Book Buys [Book Fair 2018, Part I]

My city has an annual Book Fair and I always go, at least twice, if not thrice. I very rarely buy books I’ve been meaning to read, but I do pick up a lot of books that look interesting. This is probably not the most reasonable way to shop, but it’s only once a year that I buy so many books at one go (because some of them are so cheap) so it works out okay.

All of these books were bought for for anywhere between Rs. 50 to 250 each, because they’re second-hand, and I’m cheap. I haven’t read any of them yet, but there’s time. (I’ve just started on Anna Karenina so it might be a while before I can get to anything else.)
Also, I should apologise in advance, I’m not good at photos. I tried several tacks before I just decided to throw some stuff together and slap a black and white filter on it. If anyone has any tips, let me know. My coffin house doesn’t get a ton of natural light.

I bought 17 books total, here are 9, and there’s going to be a second part because I can’t imagine anyone would want to read a single post where I talk about 17 books I haven’t read.

IMG_20180315_221210904-01

1. The Tenderness of Wolves (Stef Penney)
This isn’t a very recent book, but is it just me or have there been a lot of books around with the words ‘wolf/wolves’ in the title? This is a murder mystery set in 1867, in a small settlement in Canada, but I have to admit I mostly bought it because of the title. It’s a great title. Apparently there’s an intense geographical flavour to the novel which, if true, is something to look forward to. Penney suffered from agoraphobia at this time and one of the characters is agoraphobic. I don’t know how the mystery will play out, but I’m looking forward to reading some strong descriptions at least.

2. The Gap of Time (Jeanette Winterson)
This is meant to be a retelling of The Winter’s Tale. I’ve read some Shakespeare but not enough, and I have to confess I’ve yet to read either The Tempest or The Winter’s Tale, both of which are next on my list. After studying some of his other plays in more than desirable detail, I now feel I need a break, but these are the two plays that I’ve always been most drawn to. I know the story, but before reading Winterson’s book I will definitely read the play. Out of all the books I bought, I think I’m looking forward to reading this one the most, strangely. There’s just something, I can’t quite explain it. Also, I haven’t read anything by Winterson yet, so whatever I’d seen by her I would’ve picked up. Apparently, this book is part of a larger series called Hogarth Shakespeare where writers are going to retell Shakespearean plays, which sounds pretty interesting, I’m going to have to remember to keep tabs on that.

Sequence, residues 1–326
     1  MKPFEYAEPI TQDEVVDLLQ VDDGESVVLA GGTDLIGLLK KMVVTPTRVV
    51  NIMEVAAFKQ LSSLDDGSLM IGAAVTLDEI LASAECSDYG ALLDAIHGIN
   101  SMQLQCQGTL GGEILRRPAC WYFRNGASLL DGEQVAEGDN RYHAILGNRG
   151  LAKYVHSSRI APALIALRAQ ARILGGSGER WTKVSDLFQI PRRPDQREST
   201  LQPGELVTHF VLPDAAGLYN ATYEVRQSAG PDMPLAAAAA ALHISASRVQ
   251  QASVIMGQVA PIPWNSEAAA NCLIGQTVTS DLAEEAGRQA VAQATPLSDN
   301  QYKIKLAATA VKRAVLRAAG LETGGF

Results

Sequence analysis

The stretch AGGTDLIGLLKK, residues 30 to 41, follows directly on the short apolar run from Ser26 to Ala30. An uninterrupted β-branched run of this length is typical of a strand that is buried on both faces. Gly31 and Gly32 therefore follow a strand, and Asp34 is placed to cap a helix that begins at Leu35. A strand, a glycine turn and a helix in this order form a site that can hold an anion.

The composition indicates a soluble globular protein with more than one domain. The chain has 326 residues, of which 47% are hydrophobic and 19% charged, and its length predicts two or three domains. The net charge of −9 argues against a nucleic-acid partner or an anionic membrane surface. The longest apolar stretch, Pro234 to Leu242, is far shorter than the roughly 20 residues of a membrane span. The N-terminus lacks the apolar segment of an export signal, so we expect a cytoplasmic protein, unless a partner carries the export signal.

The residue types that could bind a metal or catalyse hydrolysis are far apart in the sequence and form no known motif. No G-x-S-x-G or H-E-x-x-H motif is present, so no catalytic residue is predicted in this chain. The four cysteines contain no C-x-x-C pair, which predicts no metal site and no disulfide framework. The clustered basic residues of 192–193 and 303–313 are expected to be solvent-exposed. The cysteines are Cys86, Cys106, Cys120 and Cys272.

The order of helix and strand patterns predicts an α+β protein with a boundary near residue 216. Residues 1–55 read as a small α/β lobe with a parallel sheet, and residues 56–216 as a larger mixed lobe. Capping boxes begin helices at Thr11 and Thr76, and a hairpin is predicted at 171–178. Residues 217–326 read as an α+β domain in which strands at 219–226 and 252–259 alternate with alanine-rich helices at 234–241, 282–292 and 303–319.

3. Adrian Mole: The Cappuccino Years (Sue Townsend)
Why not? They make me laugh. I believe this one features Adrian working as a cook someplace. I honestly never thought I’d like these books, I’m quite picky about what I find funny enough to read a whole book on, but for the most part, I like these. If you haven’t read the first Adrian Mole yet, go ahead, you probably won’t regret it.

4. II Gigante (Anton Gill)
Despite urging myself to buy more non-fiction, I ultimately only bought this one. This is basically a history of Michelangelo, focussing specifically on the years when he created the David. However, I read some reviews and apparently it focusses more broadly on the political culture of the time. I’m okay with that too, not too fussed; I’m interested in the Medicis.

IMG_20180315_221959319-01

5. East of the Sun and West of the Moon (Peter Asbjørnsen)